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A diastase (/ËdaÉªÉsteÉªz/; from Greek Î´Î¹Î¬ÏÏÎ±ÏÎ¹Ï, "separation") is any one of a group of enzymes that catalyses the breakdown of starch into maltose. Alpha amylase degrades starch to a mixture of the disaccharide maltose, the trisaccharide maltotriose, which contains three Î± (1-4)-linked glucose residues and oligosaccharides, known as dextrins, that contain the Î± (1-6)-linked glucose branches.
Diastase was the first enzyme discovered. It was extracted from malt solution in 1833 by Anselme Payen and Jean-FranÃ§ois Persoz, chemists at a French sugar factory. The name "diastase" comes from the Greek word Î´Î¹Î¬ÏÏÎ±ÏÎ¹Ï (diastasis) (a parting, a separation), because when beer mash is heated, the enzyme causes the starch in the barley seed to transform quickly into soluble sugars and hence the husk to separate from the rest of the seed. Today, "diastase" refers to any Î±-, Î²-, or Î³-amylase (all of which are hydrolases) that can break down carbohydrates.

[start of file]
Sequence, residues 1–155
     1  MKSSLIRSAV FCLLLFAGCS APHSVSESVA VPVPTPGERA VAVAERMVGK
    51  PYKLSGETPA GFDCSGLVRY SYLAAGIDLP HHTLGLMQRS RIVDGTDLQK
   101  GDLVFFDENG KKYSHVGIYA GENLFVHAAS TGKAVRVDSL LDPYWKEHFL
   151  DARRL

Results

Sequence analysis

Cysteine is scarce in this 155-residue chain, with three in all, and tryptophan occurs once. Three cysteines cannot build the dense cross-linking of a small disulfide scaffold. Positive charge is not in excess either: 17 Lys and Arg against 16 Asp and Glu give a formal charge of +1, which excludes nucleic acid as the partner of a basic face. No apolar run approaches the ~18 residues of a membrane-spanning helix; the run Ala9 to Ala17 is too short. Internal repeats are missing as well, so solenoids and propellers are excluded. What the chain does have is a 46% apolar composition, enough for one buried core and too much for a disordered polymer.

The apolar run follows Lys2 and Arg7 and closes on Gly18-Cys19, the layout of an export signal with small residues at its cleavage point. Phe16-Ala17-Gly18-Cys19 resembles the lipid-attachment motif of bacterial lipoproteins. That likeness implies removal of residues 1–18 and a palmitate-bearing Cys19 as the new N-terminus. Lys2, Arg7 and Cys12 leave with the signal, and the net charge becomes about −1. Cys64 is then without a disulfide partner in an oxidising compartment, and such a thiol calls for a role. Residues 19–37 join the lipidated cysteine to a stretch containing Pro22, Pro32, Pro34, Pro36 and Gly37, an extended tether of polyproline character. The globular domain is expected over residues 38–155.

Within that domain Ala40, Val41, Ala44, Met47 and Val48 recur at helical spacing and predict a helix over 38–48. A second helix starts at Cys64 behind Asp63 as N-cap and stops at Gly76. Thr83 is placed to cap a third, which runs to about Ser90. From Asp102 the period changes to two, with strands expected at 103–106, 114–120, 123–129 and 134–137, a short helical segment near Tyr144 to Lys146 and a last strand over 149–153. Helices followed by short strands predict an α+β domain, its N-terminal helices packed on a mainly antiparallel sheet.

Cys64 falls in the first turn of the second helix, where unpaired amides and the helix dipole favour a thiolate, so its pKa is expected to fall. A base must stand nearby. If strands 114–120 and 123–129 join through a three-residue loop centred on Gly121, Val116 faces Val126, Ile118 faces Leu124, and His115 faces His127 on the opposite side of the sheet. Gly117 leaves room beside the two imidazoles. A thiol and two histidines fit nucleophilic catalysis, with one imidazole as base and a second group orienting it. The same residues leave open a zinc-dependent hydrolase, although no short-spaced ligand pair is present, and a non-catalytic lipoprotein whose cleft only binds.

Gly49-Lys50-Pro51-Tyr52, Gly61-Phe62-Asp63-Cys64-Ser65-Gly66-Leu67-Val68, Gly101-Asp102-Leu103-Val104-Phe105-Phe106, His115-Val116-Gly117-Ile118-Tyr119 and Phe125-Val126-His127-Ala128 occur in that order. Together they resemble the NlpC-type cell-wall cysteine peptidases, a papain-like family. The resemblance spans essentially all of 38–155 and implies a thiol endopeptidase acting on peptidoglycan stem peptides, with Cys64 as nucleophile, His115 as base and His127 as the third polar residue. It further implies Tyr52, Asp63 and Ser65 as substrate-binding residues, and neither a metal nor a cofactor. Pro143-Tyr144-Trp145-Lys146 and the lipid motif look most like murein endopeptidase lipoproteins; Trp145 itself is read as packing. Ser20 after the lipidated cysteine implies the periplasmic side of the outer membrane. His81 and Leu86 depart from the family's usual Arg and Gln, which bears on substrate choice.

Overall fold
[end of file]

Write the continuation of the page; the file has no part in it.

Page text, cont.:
The commonly used -ase suffix for naming enzymes was derived from the name diastase.